A Quilt of a Country, by Anna Quindlen
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1. What opposing viewpoint does Quindlen respond to in paragraph 3?
2. What counterargument does she offer to it? List the reasons and evidence she includes in her counterargument and evaluate if it is relevant and sufficient.
3. In paragraph 4, Quindlen uses repetition and parallelism. What sentence structure and words does she repeat?
4. What is the effect of this repetition? (What happens as a result?)
5. Quindlen uses many different types of evidence throughout the argument to support her claim, for example facts, statistics, and quotations. Identify at least three examples of evidence and evaluate how she uses each one to support her claim.
This study sheet will help you write a rough draft of the writing assignment that you will revise later on. Answer the following questions as you work through your study to build a strong and successful story.
In this activity, you’ll start brainstorming ideas for a three-part short story assignment. Then you’ll work on the prewriting process that fiction writers usually tackle to clarify their thoughts and direction before they start writing complete drafts of their stories. Get ready to be creative!
You will . . .
- Come up with a specific, interesting situation.
- Choose a narrator and key characters.
- Decide on a point of view.
1. What a Talented World! is coming to town, and you’re going to audition for it. What talent will you show off? This can be a real talent you’d be thrilled to show off, or it can be entirely imaginary — that’s the beauty of writing fiction. Write a paragraph describing your talent in detail, as if you’re walking on the stage and actually performing.
2. Is your fictional self excited, hesitant, or dreading the whole experience?
3. Choose a person whose life and whose viewpoint you’re interested in exploring. We’ll call this individual Person X in the lesson from now on, but you won’t do that in the story you write. Write down the person’s real name here and then briefly describe him or her in two or three sentences.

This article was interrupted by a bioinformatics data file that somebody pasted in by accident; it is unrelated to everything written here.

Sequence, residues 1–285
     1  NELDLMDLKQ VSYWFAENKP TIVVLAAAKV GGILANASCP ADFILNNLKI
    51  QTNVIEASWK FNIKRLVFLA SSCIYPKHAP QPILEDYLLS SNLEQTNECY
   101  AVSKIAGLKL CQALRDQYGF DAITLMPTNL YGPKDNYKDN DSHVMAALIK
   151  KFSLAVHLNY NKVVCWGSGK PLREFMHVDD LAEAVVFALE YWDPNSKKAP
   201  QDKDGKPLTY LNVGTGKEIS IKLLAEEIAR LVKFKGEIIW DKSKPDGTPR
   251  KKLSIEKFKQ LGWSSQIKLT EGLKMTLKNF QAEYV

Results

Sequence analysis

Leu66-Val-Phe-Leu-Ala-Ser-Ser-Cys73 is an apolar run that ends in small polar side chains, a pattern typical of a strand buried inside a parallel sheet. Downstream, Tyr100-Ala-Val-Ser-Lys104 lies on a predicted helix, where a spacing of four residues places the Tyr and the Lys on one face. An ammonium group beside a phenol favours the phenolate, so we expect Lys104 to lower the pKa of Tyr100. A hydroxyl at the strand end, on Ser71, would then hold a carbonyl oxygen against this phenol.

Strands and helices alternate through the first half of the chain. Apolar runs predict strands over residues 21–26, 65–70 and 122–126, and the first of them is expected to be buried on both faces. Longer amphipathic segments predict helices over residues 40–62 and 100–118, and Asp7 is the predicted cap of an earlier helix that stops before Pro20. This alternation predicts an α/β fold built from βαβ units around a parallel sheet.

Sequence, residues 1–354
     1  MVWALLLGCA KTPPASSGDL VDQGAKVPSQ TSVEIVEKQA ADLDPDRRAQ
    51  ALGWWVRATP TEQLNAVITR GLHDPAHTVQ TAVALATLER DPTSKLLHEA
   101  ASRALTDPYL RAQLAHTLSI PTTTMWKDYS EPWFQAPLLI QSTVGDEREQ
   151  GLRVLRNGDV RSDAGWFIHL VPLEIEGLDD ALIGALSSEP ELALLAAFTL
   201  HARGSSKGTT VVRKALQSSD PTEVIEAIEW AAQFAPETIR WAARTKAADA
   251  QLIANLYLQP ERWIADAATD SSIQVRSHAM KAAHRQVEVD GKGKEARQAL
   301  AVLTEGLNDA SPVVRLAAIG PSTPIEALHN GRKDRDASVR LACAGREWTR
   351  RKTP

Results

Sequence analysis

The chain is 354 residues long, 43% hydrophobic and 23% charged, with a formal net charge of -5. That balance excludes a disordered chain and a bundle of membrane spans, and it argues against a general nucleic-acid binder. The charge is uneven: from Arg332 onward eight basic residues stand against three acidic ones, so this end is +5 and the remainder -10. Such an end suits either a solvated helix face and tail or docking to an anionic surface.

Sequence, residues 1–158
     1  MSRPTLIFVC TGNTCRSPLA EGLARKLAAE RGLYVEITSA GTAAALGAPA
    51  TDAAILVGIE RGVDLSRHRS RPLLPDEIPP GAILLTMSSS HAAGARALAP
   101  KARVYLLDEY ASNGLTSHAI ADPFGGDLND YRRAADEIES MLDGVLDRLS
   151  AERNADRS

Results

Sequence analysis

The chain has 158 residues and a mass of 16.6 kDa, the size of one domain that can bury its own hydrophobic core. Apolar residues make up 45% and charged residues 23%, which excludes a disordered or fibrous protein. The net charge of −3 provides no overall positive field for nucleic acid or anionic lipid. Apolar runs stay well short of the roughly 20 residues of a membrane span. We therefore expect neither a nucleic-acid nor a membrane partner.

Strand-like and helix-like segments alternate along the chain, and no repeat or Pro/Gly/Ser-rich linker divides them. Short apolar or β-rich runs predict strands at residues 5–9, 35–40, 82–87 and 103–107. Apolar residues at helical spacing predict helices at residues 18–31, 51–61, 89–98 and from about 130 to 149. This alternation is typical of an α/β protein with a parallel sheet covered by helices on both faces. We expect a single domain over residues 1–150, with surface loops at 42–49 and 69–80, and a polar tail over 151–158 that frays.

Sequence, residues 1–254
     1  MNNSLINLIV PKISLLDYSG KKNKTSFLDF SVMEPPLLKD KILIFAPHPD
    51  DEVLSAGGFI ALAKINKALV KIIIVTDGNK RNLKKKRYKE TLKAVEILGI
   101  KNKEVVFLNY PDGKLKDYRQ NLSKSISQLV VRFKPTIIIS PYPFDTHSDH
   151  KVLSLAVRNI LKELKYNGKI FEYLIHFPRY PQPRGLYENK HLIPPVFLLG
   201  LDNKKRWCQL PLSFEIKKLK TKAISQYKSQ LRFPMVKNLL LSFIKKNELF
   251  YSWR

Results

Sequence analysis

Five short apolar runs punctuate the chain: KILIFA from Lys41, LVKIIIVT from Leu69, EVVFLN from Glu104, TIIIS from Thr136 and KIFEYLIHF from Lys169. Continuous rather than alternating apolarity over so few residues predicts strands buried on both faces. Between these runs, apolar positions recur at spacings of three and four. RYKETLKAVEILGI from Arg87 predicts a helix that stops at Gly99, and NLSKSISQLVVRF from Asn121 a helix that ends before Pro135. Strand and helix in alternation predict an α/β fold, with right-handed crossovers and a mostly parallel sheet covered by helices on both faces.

4. The person you’ve chosen above will also be auditioning for What a Talented World! Write a paragraph describing what talent this person will be showing off and how he or she feels about doing so.
5. For you to successfully impersonate Person X in the talent show, name at least three things you’d have to do differently (like play the flute, mimic Person X’s posture or gestures, talk in a different way, smile more or less, and so on). Be as specific as possible.
6. Will you be able to pull it off? Imagine you’re onstage and everyone is expecting the greatest display of [insert Person X’s talent here] ever. Write a short scene or a longer paragraph of description that takes us there when you’re trying to deliver what Person X’s talent is.
7. For Person X to successfully impersonate you in the talent show, name at least three things he or she will have to do differently (like play the flute, mimic your posture or gestures, talk in a different way, smile more or less, and the like). Be as specific as possible.
8. Is there any chance that Person X will be able to pull it off? Because everyone thinks that’s you up there! In a short scene or a longer paragraph of description, take us there to watch as Person X tries to pull it off. There’s a catch, though: Use the first-person point of view again, which means stepping into Person X’s mind and narrating all this from that person’s perspective, using the pronouns I, me, and my.
9. What would an innocent bystander think of all this? Imagine you’re sitting in the audience and you don’t know that a body swap has just occurred this morning. Write a short scene or a longer paragraph of description that allows us to watch either Scene 1 (you’re stuck in Person X’s body) or Scene 2 (Person X stuck in your body) from the point of view of a random person sitting in the audience.
10. Choose one of the three passages you’ve written so far and work it into a half-page scene. Are there specific sentences or lines that really capture the voice of whoever is narrating it (you, Person X, or the audience viewer)? Did any great ideas surface that you can spend more time describing in greater detail? Add them, expand anywhere things are going well, and cut out any parts that seem clunky or boring.
11. You’ll complete this same process with the other two passages so that you end up with three different scenes, each a half-page long, to submit as your prewriting “product.”